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David KM, Coop AJ, Stevens JM, Hayward RD, Crockard HA. Split cervical spinal cord with Klippel—Feil syndrome: seven cases. Journal of Neurology. 1996; 119(6): 1859-72.

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Cervical Vertebra Synostosis (C2-C3) - A Case Report

1Department of Anatomy, Rama Medical College, Hapur, UP

American Journal of Medical Case Reports. 2014, Vol. 2 No. 6, 120-122
DOI: 10.12691/ajmcr-2-6-3
Copyright © 2014 Science and Education Publishing

Cite this paper:
Yogesh Yadav, Preeti Goswami, Veena Bharihoke. Cervical Vertebra Synostosis (C2-C3) - A Case Report. American Journal of Medical Case Reports. 2014; 2(6):120-122. doi: 10.12691/ajmcr-2-6-3.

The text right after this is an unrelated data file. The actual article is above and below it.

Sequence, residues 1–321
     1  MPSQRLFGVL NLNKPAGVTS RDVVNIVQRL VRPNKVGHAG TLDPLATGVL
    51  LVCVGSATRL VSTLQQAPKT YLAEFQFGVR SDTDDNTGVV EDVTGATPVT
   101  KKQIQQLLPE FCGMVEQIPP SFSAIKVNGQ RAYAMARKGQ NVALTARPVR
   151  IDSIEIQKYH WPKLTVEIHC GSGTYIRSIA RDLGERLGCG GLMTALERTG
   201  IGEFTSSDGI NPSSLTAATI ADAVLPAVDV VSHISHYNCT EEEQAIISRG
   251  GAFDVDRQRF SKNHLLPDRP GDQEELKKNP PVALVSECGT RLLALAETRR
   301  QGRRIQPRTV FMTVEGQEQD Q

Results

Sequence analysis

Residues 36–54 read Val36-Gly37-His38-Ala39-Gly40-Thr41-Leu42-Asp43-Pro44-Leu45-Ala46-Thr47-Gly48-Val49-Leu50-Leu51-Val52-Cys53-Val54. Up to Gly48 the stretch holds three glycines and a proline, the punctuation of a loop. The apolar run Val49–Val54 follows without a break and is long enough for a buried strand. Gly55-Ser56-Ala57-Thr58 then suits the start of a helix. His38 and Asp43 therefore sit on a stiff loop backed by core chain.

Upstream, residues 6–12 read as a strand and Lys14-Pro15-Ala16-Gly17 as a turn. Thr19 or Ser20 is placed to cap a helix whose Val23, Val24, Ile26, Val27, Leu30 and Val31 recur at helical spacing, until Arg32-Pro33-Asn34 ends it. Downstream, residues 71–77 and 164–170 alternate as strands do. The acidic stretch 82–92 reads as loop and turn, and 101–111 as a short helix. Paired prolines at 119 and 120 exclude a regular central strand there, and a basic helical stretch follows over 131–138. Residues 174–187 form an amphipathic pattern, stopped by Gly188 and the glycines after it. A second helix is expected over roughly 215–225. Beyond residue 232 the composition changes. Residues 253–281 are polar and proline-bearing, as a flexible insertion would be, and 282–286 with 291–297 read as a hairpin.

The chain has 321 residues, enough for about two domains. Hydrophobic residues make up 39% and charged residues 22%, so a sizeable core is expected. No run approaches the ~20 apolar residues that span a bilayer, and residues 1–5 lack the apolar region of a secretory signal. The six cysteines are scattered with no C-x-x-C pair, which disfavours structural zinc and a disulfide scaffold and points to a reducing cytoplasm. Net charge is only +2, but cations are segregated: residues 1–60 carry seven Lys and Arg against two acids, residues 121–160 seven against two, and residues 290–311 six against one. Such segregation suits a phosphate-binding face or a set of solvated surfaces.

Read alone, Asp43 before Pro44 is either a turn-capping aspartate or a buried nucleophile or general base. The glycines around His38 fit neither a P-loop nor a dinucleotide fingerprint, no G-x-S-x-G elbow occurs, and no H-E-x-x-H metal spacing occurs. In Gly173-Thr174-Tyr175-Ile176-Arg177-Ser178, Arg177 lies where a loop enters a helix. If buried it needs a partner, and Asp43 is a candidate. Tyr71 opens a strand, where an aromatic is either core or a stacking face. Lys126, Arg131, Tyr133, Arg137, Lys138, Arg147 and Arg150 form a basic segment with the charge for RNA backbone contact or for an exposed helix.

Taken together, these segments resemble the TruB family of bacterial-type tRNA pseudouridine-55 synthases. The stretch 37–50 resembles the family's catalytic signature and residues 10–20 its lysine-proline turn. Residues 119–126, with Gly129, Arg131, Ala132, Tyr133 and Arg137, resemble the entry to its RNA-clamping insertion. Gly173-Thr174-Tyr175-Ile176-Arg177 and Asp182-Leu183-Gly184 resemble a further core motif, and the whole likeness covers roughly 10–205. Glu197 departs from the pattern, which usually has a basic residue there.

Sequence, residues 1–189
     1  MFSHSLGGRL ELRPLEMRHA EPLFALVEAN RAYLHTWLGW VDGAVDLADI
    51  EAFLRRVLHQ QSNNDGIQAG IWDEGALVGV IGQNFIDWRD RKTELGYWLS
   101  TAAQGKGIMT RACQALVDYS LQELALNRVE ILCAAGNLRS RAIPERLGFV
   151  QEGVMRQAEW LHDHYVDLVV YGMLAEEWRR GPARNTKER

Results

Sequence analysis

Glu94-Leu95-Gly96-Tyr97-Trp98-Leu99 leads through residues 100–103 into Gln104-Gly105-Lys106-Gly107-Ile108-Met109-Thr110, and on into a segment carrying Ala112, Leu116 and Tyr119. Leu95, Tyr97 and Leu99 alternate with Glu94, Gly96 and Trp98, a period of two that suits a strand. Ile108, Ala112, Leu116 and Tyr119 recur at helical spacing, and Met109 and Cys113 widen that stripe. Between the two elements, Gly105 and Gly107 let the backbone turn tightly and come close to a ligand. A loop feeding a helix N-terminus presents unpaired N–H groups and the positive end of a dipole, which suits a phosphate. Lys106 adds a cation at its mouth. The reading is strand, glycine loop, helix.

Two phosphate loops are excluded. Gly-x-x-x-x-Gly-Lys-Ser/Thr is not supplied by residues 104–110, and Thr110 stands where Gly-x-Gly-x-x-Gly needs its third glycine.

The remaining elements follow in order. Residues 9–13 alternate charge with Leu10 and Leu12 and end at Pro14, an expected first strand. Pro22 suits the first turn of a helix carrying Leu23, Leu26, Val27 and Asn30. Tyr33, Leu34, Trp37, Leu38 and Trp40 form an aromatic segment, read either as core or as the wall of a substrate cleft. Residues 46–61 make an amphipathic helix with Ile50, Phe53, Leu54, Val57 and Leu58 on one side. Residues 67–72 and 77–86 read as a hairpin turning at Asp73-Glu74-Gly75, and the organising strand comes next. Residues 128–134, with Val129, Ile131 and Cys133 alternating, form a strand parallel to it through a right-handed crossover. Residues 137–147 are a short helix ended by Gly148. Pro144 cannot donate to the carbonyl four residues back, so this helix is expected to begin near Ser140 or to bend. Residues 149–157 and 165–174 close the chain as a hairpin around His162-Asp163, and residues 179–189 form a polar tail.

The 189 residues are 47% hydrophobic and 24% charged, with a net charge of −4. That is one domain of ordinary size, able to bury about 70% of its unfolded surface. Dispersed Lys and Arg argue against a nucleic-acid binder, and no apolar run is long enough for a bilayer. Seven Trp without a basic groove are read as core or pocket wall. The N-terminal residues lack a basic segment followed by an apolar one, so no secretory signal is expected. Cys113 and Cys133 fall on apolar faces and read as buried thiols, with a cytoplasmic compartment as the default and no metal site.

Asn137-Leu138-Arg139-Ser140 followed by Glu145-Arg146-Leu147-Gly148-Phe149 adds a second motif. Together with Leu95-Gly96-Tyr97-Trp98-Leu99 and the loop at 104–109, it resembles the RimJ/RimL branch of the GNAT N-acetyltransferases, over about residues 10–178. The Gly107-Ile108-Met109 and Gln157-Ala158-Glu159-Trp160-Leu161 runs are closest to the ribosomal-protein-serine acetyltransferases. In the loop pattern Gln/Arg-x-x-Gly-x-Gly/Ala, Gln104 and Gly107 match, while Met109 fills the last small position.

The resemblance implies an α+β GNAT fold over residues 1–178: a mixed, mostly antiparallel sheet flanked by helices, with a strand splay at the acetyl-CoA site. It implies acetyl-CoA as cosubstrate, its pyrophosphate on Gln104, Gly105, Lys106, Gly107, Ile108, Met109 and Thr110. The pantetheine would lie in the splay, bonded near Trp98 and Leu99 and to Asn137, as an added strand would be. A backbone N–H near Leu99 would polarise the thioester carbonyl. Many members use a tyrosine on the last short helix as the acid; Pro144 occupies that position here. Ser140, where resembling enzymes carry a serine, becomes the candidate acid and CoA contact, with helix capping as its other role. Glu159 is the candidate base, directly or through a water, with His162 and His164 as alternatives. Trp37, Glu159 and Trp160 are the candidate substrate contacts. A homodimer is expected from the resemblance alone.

Correspondence to: Yogesh  Yadav, Department of Anatomy, Rama Medical College, Hapur, UP. Email: DRYOGESHYADAV@GMAIL.COM


Skeletal abnormalities of cervical region or in craniocervical region are of interest to the anatomists, orthopaedicians, neurologists, neurosurgeons and even orthodontists. These abnormalities may result in severe neck pain, decreased neck mobility, muscular weakness and sensory deficits of both upper limbs and sudden unexpected death. During the routine osteology teaching, it was observed that the axis vertebra is fused with the third cervical vertebra. It was observed that body, laminae and pedicles of C2 and C3 were completely fused on both anterior and posterior aspects. The features of these fused cervical vertebrae were analysed and the specimen was photographed from different aspects. This is a condition of block vertebra which has embryological importance and clinical implications.